Prof. Edwin Olson has been awarded a Young Faculty Award from the Defense Advanced Research Projects Agency (DARPA) for his research in the area of autonomous intelligent robotics.
His research project, "Mutual Modeling for Human/Robot Teaming with Minimal Communications," proposes to formulate, develop, and evaluate a novel multi-agent coordination framework in which robots explicitly model the intent of their human and robot teammates, with the intention of simplifying human oversight of teams of cooperating robots and speeding responsiveness in applications such as urban reconnaissance, search and rescue, security/patrol, and surveillance.
The project will radically reformulate inter-agent communication beyond current state-of-the-art systems that do not make optimal use of radio bandwidth due to redundant/unnecessary transmissions. Each robot to maintain a model of its teammates that allows it to predict the actions of another robot under multiple scenarios, including scenarios in which a specific item of data has been transmitted via radio. The resulting prediction of behavior allows a robot to objectively rate the value of that information and prioritize its transmissions based on their importance.
More information regarding the award is available in DARPA's press release: Elite Group of Young Scientists Embark on DARPA Research Efforts.
Prof. Edwin Olson received his PhD in Computer Science from the Massachusetts Institute of Technology in 2008 for his work in robust robot mapping. During his time as a PhD student, he was a core member of their DARPA Urban Challenge Team which finished the race in 4th place. Upon joining the Michigan faculty in 2008, he created the APRIL robotics lab, which studies Autonomy, Perception, Robotics, Interfaces, and Learning. His active research projects include applications for explosive ordinance disposal, search and rescue, railway inspection and safety, and automobile autonomy and safety.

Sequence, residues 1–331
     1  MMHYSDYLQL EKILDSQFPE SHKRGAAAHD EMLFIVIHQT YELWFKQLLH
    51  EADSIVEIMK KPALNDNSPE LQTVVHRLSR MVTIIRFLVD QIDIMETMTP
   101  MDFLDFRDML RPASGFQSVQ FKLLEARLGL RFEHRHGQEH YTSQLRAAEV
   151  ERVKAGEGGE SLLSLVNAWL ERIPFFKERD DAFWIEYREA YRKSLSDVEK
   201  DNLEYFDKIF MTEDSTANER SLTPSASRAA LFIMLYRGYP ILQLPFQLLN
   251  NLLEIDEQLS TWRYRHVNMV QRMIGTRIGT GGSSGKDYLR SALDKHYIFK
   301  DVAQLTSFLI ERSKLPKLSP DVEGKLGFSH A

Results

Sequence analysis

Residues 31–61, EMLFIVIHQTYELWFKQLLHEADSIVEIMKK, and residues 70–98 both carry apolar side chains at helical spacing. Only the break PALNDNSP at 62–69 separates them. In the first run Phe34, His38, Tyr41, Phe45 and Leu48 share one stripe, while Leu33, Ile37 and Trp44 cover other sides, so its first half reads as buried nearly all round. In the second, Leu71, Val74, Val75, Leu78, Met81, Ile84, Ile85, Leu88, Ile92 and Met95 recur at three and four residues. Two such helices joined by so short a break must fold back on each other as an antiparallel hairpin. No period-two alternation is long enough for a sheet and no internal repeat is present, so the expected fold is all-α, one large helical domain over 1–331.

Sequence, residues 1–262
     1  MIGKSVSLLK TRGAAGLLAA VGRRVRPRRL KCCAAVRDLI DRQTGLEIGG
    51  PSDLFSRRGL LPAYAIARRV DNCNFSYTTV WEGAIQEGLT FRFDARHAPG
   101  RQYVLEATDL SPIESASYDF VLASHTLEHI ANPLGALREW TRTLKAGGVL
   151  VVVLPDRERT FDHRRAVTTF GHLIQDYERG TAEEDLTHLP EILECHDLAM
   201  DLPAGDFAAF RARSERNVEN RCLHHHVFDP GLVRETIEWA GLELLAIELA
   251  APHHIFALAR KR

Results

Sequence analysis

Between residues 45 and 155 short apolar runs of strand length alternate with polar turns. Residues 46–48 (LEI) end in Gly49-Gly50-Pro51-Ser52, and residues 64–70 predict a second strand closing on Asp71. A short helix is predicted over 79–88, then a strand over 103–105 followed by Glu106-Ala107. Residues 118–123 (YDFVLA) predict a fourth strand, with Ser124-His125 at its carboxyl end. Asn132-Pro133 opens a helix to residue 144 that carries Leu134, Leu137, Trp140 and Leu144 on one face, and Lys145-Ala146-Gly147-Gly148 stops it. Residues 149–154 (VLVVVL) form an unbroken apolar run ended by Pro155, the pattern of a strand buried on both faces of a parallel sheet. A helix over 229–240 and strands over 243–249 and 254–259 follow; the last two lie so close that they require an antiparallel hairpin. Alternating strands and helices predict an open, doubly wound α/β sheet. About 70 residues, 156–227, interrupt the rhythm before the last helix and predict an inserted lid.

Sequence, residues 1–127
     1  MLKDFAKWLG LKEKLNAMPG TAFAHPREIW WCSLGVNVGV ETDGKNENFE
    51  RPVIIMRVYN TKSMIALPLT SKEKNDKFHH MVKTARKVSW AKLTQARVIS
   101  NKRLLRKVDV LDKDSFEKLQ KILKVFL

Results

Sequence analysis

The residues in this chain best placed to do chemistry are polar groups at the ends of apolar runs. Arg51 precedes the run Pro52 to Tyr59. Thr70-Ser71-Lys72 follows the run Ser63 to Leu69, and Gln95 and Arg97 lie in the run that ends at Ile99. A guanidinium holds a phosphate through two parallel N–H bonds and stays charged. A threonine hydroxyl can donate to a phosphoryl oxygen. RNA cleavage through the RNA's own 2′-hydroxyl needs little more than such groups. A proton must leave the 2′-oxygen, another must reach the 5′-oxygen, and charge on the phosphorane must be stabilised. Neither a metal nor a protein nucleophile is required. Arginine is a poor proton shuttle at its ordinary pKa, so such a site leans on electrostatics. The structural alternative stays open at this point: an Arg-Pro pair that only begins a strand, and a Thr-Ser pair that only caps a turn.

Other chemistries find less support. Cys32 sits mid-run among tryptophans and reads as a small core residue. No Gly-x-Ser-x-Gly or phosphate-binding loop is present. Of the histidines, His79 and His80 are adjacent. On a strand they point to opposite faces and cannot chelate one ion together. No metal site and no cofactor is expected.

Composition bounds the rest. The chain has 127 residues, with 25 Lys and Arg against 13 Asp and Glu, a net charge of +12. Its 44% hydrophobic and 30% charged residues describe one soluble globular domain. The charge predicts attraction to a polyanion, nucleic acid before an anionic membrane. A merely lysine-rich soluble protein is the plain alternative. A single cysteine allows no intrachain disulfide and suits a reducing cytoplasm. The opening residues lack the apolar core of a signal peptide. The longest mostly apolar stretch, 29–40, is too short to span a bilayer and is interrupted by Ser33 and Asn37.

In 2010, he led the winning team in the MAGIC 2010 competition by developing a team of 14 robots that semi-autonomously explored and mapped a large-scale urban environment. For winning, the U.S. Department of Defense awarded him $750,000. He was named one of Popular Science's "Brilliant Ten" in September, 2012.
He is active in both the open source software community as one of the original developers of the message-passing system LCM, and the creator of the OrcBoard robotics controller. Much of his current software is available under open source licenses. He has taught Introduction to Artificial Intelligence (EECS 492), Autonomous Robotics Laboratory (EECS 498), Mobile Robotics: Methods and Algorithms (EECS 568), and Algorithms for Robots (EECS 598).
About the DARPA Young Faculty Award
The DARPA Young Faculty Award program is intended to identify and engage rising research stars in junior faculty positions in academia, and provide high-impact funding in order to develop their research ideas in the context of Department of Defense needs. DARPA is looking for research focusing on innovations that will enable revolutionary advances in selected areas. High-risk/high-payoff ideas are strongly encouraged.
Posted: August 26, 2013